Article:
- Lakes at Syon Park affected as well as Northumberland and Crane rivers.
- An estimated 10,000 fish are now believed to have been killed
- Water quality has benefited substantially from heavy rain over the weekend but people and pets still advised to stay out of the water
- Thames Water have accepted responsibility
- Thames Water are likely to be prosecuted
from Ed Randall
On the weekend of 28th and 29th October there was a major pollution incident on the River Crane when a large volume of raw sewage was released from an outfall adjacent to the A4 (Bath Road) river crossing at Cranford in the London borough of Hounslow. The sewage rapidly polluted the entire river system downstream to the River Thames, including the main River Crane, the Duke of Northumberland’s River and the lakes at Syon Park. The diverse wildlife of the River Crane suffered very badly as a direct result of this pollution. The latest estimate of fish mortalities stands at over 10,000 and recent surveys indicate a total loss of fish and invertebrates from the river system and the associated sediment.
Thames Water has accepted full responsibility for the incident. FORCE Trustees have met with senior staff at both the water company and the Environment Agency to hear about the current status of the river and to discuss the way forwards. We have stressed that such an incident should never be allowed to happen again. We were reassured to learn that a full review of its circumstances and the lessons to be learned for practices throughout the sewer network will be carried out by Thames Water.
The river has benefited from heavy rainfall over the weekend and we have been told that the water quality has largely recovered. There are still concerns about the microbiology of the river and adjacent wetland areas. The Environment Agency is still recommending that people and their pets stay out of the river until further tests have been completed.
Environment Agency experts have said that it will take some months for river life to start to recover and several years for its full biodiversity to return. Local people have expressed concern about water voles and kingfishers, seen by many on the river over the last few years. We understand that water voles were probably not affected at the time of the incident, but observations for any longer term effects will continue. The kingfishers are likely to have left the lower Crane to find food elsewhere. Their future return may provide one early indication that the river is recovering. Plans for supporting the return of the decimated fish stock will be drawn up over the next few months.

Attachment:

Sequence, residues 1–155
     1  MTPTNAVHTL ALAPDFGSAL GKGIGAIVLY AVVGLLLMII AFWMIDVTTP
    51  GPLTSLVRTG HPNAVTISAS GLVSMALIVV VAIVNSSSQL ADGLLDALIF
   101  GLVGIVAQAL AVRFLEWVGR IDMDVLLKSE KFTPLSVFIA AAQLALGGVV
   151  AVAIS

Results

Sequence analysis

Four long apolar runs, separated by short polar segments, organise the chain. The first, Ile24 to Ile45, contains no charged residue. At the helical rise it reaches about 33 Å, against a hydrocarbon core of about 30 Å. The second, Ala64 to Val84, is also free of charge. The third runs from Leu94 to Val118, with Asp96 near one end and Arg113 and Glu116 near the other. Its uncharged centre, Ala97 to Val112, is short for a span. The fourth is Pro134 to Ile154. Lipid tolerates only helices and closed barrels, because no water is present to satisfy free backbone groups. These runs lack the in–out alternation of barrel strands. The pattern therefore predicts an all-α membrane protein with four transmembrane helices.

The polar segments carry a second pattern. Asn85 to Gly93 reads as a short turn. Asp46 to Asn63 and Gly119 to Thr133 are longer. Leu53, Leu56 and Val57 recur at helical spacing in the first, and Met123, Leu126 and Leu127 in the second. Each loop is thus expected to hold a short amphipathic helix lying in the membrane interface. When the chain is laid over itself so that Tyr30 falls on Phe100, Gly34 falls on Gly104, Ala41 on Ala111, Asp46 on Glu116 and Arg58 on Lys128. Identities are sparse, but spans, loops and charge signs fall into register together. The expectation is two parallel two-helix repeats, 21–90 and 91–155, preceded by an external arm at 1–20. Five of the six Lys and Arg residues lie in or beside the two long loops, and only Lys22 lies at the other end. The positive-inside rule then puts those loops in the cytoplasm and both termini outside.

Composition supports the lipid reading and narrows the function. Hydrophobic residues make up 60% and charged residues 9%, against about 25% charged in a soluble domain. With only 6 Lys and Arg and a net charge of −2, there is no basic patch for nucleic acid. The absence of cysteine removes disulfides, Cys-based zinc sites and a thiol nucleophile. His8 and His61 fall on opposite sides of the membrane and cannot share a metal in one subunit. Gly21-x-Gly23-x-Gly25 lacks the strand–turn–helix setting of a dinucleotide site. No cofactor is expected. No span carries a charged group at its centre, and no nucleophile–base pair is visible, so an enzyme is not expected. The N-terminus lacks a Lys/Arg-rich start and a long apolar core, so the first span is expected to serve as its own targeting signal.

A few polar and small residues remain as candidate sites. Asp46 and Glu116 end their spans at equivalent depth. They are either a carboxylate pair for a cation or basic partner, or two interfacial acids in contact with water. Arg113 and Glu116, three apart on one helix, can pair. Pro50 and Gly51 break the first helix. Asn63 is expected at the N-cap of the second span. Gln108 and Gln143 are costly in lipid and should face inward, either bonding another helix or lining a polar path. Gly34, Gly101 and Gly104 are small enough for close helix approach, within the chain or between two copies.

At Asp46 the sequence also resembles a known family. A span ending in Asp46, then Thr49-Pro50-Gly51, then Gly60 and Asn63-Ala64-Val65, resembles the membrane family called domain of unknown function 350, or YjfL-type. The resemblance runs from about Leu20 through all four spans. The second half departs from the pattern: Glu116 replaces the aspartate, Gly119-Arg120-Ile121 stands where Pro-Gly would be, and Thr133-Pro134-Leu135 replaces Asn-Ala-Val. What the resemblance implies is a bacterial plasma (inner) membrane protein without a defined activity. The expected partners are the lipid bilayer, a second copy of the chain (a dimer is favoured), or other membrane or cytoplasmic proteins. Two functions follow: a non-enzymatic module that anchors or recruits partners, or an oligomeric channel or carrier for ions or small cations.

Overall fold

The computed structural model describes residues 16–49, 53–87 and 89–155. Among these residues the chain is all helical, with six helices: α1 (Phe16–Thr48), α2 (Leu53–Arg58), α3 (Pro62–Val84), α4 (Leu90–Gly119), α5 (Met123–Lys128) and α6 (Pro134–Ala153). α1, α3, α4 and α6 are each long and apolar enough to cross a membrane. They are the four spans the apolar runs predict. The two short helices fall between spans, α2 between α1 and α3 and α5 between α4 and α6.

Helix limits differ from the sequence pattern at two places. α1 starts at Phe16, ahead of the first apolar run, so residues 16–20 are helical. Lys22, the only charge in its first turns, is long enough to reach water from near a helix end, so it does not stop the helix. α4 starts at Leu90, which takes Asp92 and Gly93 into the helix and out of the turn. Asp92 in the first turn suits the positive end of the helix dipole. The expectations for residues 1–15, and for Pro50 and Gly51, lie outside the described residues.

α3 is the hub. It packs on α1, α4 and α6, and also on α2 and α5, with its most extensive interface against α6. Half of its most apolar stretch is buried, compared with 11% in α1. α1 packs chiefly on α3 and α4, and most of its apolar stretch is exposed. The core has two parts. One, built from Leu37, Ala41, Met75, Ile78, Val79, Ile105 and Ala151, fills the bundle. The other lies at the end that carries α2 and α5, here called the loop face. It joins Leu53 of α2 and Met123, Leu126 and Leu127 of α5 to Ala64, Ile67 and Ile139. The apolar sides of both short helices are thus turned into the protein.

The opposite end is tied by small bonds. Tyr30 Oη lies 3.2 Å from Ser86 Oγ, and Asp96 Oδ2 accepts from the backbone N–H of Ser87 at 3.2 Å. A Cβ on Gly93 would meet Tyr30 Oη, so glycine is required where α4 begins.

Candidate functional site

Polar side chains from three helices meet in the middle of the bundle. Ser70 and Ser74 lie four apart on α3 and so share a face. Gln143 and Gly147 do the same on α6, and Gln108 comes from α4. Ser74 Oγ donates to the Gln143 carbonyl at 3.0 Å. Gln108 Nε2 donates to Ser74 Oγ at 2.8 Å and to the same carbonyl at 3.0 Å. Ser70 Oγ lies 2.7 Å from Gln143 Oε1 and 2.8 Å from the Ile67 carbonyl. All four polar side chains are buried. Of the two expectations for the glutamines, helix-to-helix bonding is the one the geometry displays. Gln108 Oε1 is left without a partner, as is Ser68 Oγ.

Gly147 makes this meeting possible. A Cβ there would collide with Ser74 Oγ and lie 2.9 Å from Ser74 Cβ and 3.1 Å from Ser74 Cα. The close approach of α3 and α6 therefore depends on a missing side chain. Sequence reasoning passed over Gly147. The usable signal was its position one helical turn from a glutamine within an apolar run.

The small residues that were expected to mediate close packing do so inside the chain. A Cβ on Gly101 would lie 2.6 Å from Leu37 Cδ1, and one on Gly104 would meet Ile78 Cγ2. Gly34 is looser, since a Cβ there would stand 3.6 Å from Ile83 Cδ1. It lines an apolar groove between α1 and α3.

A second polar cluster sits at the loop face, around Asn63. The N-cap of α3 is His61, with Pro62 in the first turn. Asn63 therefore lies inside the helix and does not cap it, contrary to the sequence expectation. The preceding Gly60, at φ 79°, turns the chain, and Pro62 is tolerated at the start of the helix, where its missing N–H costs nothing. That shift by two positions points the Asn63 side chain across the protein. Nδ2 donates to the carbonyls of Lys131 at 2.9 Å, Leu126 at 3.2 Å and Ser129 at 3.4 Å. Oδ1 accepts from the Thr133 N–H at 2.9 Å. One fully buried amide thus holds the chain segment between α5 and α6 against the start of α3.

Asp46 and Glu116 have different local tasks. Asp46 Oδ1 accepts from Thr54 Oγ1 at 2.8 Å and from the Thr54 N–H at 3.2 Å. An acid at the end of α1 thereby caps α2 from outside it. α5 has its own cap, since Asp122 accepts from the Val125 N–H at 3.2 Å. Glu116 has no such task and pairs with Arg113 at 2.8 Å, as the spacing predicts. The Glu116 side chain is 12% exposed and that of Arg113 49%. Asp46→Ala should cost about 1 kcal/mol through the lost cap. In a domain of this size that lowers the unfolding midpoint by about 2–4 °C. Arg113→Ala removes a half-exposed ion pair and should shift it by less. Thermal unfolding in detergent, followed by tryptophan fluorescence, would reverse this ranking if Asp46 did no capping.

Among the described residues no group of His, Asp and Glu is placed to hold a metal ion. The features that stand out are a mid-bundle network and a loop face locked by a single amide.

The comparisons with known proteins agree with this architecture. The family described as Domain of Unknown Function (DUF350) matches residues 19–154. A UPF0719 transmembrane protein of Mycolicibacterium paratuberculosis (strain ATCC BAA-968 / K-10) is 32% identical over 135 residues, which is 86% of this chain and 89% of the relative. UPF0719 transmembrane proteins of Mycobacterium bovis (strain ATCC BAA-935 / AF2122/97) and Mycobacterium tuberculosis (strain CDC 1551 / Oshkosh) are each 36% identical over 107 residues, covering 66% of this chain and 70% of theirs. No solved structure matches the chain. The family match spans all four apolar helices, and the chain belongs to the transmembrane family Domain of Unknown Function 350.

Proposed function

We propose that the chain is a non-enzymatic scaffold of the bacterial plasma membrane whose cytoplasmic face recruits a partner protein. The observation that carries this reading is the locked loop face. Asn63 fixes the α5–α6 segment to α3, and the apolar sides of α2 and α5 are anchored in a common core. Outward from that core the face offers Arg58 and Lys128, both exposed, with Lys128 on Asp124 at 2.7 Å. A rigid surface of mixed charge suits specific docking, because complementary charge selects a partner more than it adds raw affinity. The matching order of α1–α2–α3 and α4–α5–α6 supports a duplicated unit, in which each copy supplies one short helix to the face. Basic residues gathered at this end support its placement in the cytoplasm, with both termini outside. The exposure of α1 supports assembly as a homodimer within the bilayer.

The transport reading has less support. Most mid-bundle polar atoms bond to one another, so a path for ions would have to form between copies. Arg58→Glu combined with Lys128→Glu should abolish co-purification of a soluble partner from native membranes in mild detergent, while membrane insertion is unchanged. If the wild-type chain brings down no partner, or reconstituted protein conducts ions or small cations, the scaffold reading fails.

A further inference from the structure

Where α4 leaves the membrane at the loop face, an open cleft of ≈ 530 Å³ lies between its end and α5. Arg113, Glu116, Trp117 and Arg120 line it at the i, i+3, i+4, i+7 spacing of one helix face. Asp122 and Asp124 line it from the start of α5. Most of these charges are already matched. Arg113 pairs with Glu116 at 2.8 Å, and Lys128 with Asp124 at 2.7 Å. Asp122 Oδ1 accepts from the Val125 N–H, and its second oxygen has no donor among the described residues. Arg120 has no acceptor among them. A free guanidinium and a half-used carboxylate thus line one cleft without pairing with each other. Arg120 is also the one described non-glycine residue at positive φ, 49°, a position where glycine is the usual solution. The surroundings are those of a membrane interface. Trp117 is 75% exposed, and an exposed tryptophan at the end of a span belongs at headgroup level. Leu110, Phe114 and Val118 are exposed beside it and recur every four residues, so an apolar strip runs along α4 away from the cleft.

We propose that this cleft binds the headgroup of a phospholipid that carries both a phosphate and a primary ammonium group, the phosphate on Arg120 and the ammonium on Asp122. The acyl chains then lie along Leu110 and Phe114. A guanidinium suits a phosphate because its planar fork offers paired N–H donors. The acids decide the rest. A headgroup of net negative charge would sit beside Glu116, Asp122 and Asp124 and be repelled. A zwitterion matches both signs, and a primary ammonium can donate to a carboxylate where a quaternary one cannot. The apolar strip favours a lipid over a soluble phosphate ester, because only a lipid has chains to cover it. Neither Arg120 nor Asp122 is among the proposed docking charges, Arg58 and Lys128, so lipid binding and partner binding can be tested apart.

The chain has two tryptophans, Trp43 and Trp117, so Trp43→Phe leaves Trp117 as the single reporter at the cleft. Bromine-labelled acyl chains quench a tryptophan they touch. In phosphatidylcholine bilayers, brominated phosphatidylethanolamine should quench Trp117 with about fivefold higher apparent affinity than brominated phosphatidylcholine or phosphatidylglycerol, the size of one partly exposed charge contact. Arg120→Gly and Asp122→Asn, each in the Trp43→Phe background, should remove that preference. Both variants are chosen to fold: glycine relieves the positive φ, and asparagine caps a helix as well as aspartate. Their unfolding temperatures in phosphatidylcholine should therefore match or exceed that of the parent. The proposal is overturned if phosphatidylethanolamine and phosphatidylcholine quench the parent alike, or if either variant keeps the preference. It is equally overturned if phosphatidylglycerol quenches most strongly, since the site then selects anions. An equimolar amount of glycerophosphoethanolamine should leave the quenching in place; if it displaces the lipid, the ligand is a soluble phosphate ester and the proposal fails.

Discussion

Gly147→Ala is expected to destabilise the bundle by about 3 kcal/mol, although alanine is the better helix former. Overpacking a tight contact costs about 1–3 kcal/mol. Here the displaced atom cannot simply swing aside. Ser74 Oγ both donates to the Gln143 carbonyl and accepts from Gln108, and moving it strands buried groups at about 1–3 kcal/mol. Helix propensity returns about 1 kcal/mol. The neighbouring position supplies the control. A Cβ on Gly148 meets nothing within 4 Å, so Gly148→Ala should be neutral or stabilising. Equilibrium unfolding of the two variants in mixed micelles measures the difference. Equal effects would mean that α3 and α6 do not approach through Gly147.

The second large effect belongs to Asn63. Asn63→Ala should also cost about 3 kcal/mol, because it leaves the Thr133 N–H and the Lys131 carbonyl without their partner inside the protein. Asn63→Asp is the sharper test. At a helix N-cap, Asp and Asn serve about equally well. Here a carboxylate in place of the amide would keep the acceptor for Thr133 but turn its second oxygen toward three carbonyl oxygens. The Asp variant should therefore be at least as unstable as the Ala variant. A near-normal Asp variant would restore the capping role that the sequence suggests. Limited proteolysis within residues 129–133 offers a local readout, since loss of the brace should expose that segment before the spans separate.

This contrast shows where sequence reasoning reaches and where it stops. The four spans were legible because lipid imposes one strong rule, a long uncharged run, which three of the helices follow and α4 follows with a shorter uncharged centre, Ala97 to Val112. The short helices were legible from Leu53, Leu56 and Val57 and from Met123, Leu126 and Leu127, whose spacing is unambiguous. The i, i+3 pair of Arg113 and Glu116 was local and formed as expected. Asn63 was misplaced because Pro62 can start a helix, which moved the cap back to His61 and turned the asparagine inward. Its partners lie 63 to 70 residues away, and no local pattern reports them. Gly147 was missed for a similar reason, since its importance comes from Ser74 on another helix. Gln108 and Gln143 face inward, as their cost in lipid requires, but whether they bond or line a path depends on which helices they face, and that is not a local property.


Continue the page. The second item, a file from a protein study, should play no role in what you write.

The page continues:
Longer term commitments
Thames Water is very likely to be prosecuted for this incident and the case will take some time to come to court. In the mean time Thames Water and the Environment Agency have pledged to work hard over the coming months and years to support and encourage the return of life to the river. Thames Water has further stated its intention to see the river improved compared to its historical condition over a five year timescale, investing sufficient resources to make this happen. FORCE welcomes these pledges and we plan to engage constructively with both organisations over the next few years to help ensure that they are met.
Improvement works continue
In the interim it is vital that recent improvement works to the green spaces adjacent to the river are continued and we shall continue to work with all the interested parties to ensure that this happens. Next Sunday we are holding one of our regular workdays, near to the Mill Road entrance in Crane Park, and we welcome anyone wishing to work with us or to find out more about what we do.
What you can do to help.
Our members and other local people have been asking how they can help and – as well as attending our work days – you can be our eyes and ears on the river. All reports of river life over the next six months in the form of fish species, kingfishers, dragonflies, herons and crayfish for example, will be greatly appreciated. We shall relay this information to the Environment Agency and it will help to build a detailed record of the recovery process and allow the intelligent planning of support actions such as fish stocking. Suggestions of improvements that can be made in the longer term would also be welcomed.